[Distutils] A new, experimental packaging tool: distil

Vinay Sajip vinay_sajip at yahoo.co.uk
Tue Mar 26 11:34:33 CET 2013

Philippe Ombredanne <pombredanne <at> nexb.com> writes:

> I see that you are using a pattern similar to the virtualenv.py
> script, embedding other code as a compressed byte array.
> I am in general fine with the approach, though I feel a bit uncomfy
> with this approach creeping in as "the" way to bootstrap things with
> one single file for core distribution-related tools.

It's not a particularly new approach - it's just that way because it makes
things easier for the user. If I had used a more conventional approach, I'm
not sure as many people would be willing to try it. Like virtualenv, it's a
tool that cannot rely on the presence of existing installation tools.

> Would anyone know of a better way to package things in a single
> python-executable bootstrapping script file without obfuscating the
> source contents in compressed/encoded/obfuscated byte arrays?

It's only obfuscated as a side-effect - the other way would be to put all your
code in a single module - not much fun to maintain, that way. But if someone
has a better way, that would certainly be of interest.

> Also, in your code calling this binary payload STUFF feels a tad
> scary:  this is arbitrary code that I cannot see nor inspect before
> running.

Would you find it more trustworthy if it was called TRUST_ME_ITS_SAFE? ;-)

Remember, it's just a Python script running without system privileges.

> I would not want to run unknown STUFFs on my machine ... and even more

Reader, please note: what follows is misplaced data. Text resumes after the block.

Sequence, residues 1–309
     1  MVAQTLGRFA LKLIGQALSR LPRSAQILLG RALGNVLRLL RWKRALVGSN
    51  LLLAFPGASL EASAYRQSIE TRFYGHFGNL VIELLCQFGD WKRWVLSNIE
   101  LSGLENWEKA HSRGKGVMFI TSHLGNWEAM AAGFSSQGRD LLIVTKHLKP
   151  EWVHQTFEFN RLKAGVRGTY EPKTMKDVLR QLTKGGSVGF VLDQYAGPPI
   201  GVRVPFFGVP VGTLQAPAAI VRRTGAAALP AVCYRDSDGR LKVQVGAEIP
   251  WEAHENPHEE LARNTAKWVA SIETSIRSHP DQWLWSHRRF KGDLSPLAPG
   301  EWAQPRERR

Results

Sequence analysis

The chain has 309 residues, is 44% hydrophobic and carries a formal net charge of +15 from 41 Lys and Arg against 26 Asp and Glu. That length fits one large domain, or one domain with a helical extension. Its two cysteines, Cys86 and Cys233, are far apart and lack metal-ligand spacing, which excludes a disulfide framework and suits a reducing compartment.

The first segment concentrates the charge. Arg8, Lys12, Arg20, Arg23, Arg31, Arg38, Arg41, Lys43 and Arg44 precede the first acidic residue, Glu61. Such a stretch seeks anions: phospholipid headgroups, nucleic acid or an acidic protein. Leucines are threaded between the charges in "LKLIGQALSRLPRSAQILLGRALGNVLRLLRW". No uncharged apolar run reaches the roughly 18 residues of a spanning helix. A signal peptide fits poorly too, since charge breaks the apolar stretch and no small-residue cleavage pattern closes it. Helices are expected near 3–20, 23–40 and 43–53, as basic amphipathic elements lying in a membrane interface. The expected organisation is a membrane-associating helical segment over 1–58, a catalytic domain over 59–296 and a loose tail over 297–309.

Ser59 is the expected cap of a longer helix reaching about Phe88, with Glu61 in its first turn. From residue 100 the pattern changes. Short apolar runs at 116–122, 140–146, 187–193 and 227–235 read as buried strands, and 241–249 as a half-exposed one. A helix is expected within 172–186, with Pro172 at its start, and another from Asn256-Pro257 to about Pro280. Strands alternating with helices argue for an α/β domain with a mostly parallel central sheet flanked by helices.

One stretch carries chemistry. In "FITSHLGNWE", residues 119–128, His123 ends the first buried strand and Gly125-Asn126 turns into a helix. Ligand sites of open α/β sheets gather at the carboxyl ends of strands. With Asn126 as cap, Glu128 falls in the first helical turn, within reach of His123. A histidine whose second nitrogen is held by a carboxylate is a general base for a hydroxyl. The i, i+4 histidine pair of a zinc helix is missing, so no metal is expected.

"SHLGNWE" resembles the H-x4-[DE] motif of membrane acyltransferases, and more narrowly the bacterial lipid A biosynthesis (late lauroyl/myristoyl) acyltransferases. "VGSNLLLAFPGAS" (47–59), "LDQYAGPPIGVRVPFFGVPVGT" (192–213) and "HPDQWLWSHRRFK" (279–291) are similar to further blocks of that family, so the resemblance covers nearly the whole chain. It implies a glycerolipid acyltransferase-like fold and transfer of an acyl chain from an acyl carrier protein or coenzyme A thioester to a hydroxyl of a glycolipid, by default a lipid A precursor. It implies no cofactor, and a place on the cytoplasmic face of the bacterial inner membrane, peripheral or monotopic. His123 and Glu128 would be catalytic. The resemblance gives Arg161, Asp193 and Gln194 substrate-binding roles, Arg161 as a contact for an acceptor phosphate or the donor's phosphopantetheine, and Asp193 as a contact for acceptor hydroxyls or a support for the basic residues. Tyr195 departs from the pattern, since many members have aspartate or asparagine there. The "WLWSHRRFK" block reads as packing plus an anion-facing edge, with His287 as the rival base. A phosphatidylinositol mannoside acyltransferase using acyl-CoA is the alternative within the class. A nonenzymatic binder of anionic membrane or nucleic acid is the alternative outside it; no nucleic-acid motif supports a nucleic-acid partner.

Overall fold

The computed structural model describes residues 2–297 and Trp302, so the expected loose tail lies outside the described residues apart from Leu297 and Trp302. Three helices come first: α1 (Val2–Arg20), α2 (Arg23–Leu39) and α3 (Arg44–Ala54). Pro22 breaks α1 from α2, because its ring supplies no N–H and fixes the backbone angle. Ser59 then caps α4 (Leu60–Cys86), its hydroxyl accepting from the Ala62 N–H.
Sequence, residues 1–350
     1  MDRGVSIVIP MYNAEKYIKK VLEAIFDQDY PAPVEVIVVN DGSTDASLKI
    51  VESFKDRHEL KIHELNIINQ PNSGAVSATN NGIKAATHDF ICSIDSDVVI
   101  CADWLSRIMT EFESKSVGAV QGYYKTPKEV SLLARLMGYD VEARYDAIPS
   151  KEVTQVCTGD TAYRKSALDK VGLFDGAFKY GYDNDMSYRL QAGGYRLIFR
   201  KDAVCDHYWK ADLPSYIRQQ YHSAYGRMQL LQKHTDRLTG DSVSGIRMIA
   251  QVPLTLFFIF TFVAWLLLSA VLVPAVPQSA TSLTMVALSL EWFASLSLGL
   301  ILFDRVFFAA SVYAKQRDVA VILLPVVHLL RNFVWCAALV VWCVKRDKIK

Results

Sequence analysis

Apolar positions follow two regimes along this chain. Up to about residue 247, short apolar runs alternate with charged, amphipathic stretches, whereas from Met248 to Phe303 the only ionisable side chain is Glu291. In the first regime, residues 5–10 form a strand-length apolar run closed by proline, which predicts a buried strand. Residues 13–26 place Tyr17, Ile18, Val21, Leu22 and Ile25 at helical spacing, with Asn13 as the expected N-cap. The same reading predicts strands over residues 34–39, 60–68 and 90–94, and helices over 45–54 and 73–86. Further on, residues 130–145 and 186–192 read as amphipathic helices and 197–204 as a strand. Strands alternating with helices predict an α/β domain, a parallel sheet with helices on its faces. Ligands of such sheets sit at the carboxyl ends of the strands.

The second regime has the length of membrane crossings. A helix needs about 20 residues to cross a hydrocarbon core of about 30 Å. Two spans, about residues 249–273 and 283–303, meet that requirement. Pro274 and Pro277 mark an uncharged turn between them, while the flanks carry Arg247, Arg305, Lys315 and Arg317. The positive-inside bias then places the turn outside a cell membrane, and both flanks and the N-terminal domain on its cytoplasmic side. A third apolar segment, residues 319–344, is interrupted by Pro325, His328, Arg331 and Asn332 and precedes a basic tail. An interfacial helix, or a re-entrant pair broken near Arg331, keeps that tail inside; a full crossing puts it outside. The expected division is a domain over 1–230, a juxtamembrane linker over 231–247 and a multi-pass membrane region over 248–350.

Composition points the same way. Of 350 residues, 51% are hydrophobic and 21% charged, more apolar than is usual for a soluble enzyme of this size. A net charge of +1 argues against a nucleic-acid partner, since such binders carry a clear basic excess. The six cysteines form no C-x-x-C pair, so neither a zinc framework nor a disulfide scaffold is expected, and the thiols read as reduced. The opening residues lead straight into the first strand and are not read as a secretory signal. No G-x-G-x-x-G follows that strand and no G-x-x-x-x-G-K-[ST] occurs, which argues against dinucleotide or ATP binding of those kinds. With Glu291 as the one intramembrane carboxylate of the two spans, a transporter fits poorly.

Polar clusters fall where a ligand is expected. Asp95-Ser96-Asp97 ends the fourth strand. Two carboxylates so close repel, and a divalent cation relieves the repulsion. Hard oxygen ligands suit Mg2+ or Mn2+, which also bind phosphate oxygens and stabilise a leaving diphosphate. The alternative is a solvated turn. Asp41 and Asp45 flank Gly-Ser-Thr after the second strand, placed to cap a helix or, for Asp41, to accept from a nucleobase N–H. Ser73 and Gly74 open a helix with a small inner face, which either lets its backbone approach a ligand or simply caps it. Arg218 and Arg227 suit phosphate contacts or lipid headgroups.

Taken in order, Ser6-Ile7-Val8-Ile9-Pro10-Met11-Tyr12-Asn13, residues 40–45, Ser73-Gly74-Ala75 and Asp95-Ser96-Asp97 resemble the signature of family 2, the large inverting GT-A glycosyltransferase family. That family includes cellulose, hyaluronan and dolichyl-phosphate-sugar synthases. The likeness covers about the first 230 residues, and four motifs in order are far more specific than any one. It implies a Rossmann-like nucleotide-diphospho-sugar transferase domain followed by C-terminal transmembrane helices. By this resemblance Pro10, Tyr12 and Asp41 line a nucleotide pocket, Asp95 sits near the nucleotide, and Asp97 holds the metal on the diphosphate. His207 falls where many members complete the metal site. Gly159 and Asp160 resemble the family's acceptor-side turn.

> so since the corresponding sources are not available publicly yet in a
> source repo.

The absence of a public source repo is a red herring. If you want to inspect
the code, the time taken to add a pdb breakpoint after the .zip write, and to
unzip the file to a folder of your choice (or to add code to distil.py to do
this), is trivial compared to the time you would spend doing the actual code
inspection. The code is open to inspection, but I'd hope that most users focus
on whether the tool has useful qualities, how it could be used to move
packaging forwards, what it demonstrates about distlib etc.

Have you inspected setuptools or pip code to verify that they are safe? As well
as everything you've ever downloaded from PyPI, which might or might not be
exactly the same as what's shown in a project's public VCS repo?

> At the minimum, getting some comments or explicit variable names the
> virtualenv way on what this payload is would help IMHO:
> "STUFF = """
> eJyEm1OMLlC3Zb+ybbtO1Snbtm3brjpl27Zt27Zt27b6Tye3b9J9k37YK9kv+2FmPMxkrC0vBQKKCgA
> ......"

While virtualenv has a number of discrete files, I have just one zip file
containing distlib, CLI support code and distil code - that's a lot of files,
so I'm not sure a comment would be all that helpful. What would it really tell
you? What "STUFF" is really saying, to most users, is "stuff you don't need to
care about the details of". For the security-conscious, a mere comment from a
potentially untrusted source is no substitute for that unzip + time-consuming
code inspection.


Vinay Sajip

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